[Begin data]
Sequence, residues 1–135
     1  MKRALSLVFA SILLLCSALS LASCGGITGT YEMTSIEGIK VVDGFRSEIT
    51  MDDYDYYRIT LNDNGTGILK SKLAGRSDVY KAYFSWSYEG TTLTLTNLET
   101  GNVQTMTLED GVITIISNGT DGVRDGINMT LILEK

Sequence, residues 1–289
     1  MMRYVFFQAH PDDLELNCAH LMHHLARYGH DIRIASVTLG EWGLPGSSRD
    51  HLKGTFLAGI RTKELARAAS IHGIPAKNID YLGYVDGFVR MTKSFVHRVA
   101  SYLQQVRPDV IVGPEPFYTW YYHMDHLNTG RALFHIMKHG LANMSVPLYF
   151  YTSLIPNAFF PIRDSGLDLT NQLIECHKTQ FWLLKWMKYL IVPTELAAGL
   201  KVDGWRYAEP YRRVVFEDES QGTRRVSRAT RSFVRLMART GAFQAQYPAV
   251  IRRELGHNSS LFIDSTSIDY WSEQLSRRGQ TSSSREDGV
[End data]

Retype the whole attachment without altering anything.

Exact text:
Sequence, residues 1–135
     1  MKRALSLVFA SILLLCSALS LASCGGITGT YEMTSIEGIK VVDGFRSEIT
    51  MDDYDYYRIT LNDNGTGILK SKLAGRSDVY KAYFSWSYEG TTLTLTNLET
   101  GNVQTMTLED GVITIISNGT DGVRDGINMT LILEK

Sequence, residues 1–289
     1  MMRYVFFQAH PDDLELNCAH LMHHLARYGH DIRIASVTLG EWGLPGSSRD
    51  HLKGTFLAGI RTKELARAAS IHGIPAKNID YLGYVDGFVR MTKSFVHRVA
   101  SYLQQVRPDV IVGPEPFYTW YYHMDHLNTG RALFHIMKHG LANMSVPLYF
   151  YTSLIPNAFF PIRDSGLDLT NQLIECHKTQ FWLLKWMKYL IVPTELAAGL
   201  KVDGWRYAEP YRRVVFEDES QGTRRVSRAT RSFVRLMART GAFQAQYPAV
   251  IRRELGHNSS LFIDSTSIDY WSEQLSRRGQ TSSSREDGV